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On March 27, the Department of Veterans Affairs (VA) issued guidance on valuation and appraisal practices during the Covid-19 crisis. Effective on March 27 and until modified or rescinded, VA home loan appraisers may utilize exterior-only appraisals and, in certain limited situations, desktop appraisals, for purchase and refinance transactions. When the appraiser does not inspect the interior of the property, additional sources may be used to inform the appraisal, including public records, MLS listing information, and other reliable third-party sources. The VA also issued Exhibit A to the valuation and appraisal practices circular. This document provides a statement of assumptions and limiting conditions and certifications for Desktop-only appraisals, in addition to instructions and a scope of work to be used by the appraiser.
On the same day, the FHA issued similar guidance in Mortgagee Letter 2020-05 regarding appraisals and employment reverifications. Modifications to FHA single-family employment reverifications requirements include allowing verbal employment reverifications. The modifications also remove employment reverification requirements in certain situations, such as when certain criteria are met in forward purchase transactions, including, among other things: (i) where the mortgagee is not aware of loss of employment by the borrower; (ii) the mortgagee has year-to-date paystubs or electronic income verification for the borrower; (iii) the mortgagee has the borrower’s bank statement from immediately prior to the note date showing a direct deposit from an employer; and (iv) the mortgagee has evidence that the borrower has the equivalent of at least two months of the new payment amount, inclusive of principal, interest, taxes, and insurance. Modifications to appraisal protocols allow for exterior or desktop-only appraisals, and appraisers may utilize additional reliable information. Also, the FHA will require appraisals to include a signed certification that no interior appraisal was performed. FHA model certification forms can be found here and here.
On August 8, the Department of Veterans Affairs (VA) issued Circular 26-19-22, which consolidates and clarifies guidance related to Section 309 of the Economic Growth, Regulatory Relief, and Consumer Protection Act, Public Law No. 115-174, and updates guidance regarding loan seasoning requirements based on the “Protecting Affordable Mortgages for Veterans Act of 2019,” Public Law No. 116-33. (Covered by InfoBytes here and here.) The Circular states that a lender (broker or agent included), a servicer, or issuer of an Interest Rate Reduction Refinance Loan (IRRRL) must, among other things:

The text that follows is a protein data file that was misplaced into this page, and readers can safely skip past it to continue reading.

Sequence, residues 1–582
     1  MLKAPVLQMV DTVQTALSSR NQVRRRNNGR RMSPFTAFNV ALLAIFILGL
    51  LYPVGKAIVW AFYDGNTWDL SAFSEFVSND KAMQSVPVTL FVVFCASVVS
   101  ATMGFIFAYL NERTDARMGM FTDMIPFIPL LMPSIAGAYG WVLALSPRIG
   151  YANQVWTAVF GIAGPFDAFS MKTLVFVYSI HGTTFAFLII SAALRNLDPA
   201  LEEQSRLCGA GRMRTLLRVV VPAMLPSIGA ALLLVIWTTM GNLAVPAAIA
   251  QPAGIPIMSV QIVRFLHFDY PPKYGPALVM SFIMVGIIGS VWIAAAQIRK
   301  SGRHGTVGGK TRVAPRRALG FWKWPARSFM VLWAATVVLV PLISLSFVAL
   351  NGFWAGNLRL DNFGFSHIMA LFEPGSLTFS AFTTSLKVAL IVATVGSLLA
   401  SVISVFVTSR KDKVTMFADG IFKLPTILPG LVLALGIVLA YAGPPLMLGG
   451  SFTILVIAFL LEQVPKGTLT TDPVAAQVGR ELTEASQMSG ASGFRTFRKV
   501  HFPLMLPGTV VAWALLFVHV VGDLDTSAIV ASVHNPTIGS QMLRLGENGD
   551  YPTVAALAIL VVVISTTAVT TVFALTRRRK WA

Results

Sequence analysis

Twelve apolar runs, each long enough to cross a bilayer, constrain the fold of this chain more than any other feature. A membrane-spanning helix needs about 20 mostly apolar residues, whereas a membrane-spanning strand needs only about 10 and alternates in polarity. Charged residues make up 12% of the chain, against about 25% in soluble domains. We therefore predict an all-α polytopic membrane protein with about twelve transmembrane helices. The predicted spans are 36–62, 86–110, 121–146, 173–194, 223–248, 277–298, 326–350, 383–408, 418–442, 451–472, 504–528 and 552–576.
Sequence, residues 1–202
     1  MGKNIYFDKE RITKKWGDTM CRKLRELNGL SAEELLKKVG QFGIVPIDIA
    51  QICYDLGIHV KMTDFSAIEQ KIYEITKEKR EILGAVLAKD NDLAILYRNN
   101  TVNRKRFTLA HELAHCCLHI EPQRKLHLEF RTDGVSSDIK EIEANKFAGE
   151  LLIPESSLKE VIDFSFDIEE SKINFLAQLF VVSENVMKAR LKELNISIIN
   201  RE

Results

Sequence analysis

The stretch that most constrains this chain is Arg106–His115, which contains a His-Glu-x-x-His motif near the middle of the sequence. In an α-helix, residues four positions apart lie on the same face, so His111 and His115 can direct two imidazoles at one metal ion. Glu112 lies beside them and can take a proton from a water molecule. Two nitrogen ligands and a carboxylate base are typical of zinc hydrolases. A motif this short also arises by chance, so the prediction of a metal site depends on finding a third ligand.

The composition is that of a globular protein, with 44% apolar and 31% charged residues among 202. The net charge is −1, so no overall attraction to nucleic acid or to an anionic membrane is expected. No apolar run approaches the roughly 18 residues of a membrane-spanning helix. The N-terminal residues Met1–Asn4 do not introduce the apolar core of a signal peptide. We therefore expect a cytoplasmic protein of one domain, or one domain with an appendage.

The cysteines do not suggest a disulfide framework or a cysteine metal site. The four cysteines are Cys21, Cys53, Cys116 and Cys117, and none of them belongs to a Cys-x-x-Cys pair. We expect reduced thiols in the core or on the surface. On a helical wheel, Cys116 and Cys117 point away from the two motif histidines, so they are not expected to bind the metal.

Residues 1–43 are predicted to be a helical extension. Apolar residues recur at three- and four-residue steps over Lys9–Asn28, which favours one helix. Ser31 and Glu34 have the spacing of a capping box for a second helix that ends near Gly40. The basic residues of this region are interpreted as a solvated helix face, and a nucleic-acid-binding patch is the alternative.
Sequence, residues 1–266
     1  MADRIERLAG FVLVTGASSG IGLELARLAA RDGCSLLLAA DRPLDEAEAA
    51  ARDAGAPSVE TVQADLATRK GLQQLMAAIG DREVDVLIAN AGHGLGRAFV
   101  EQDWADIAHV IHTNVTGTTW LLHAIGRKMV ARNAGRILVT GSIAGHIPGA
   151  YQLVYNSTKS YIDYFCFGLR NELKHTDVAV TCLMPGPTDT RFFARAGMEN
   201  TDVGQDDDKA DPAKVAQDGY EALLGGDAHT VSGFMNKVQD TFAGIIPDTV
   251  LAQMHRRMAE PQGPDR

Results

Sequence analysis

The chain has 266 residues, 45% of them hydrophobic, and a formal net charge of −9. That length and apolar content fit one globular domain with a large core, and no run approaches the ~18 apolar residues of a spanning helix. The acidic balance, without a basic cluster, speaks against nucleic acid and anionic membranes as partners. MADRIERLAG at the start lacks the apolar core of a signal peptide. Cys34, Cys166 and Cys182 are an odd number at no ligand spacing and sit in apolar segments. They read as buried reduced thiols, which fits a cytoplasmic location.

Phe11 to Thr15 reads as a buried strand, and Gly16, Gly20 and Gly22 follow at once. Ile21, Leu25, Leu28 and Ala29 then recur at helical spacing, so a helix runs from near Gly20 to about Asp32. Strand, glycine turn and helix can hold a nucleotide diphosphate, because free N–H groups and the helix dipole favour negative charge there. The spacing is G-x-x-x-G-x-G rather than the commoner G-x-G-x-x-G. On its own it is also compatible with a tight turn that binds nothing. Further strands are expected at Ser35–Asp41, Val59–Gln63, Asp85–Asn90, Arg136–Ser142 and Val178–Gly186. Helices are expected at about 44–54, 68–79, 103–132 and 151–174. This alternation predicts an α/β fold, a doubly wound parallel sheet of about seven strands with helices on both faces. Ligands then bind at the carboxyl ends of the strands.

- Recoup Fees. Certify that certain fees and costs of the loan will be recouped on or before 36 months after the loan note date;
- Net Tangible Benefit. Establish that when the previous loan had a fixed interest rate (i) the new fixed interest rate is at least 0.5 percent lower, or (ii) if the new loan has an adjustable rate, that the rate is at least 2 percent lower than the previous loan. In each instance, the lower rate cannot be produced solely from discount points except in certain circumstances;
- Loan Seasoning. Follow a seasoning requirement for all VA-guaranteed loans. A loan cannot be refinanced until (i) the date on which the borrower has made at least six consecutive monthly payments on the loan being refinanced, and (ii) the date that is 210 days after the first payment due date of the loan being refinanced; and
- Disclosure. Present a comparison of the refinance loan to the original loan within two business days from the initial loan application and again at closing that includes information about the overall cost of refinance. The Circular offers a sample comparison statement in Exhibit C.
On August 1, Ginnie Mae issued All Participants Memorandum APM 19-05 announcing changes to the mortgage-backed securities (MBS) pooling eligibility requirements for Department of Veterans Affairs (VA) refinance loans. In order to establish requirements that positively impact the performance of Ginnie Mae securities and implement the “Protecting Affordable Mortgages for Veterans Act of 2019,” (covered by InfoBytes here) APM 19-05 announces changes applicable to all VA-guaranteed refinance loans and establishes new criteria for VA cash-out refinance loans with loan-to-value (LTV) ratios above 90 percent.
Effective with MBS guaranteed on or after August 1, a refinance loan is only eligible for Ginnie Mae securities if the date on the refinance loan is on, or after, the later of (i) “the date on which the borrower has made at least six consecutive monthly payments on the loan being refinanced”; and (ii) “the date that is 210 days after the first payment due date of the loan being refinanced.” Additionally, effective with MBS guaranteed on or after November 1, “High LTV VA Cash-Out Refinance Loans”—defined as a VA refinance loan with a LTV ratio that exceeds 90 percent at the time of origination and where the borrower converts any amount of home equity into cash—are, with certain exceptions, ineligible for Ginnie Mae I Single Issuer Pools and Ginnie Mae II Multiple Issuer Pools.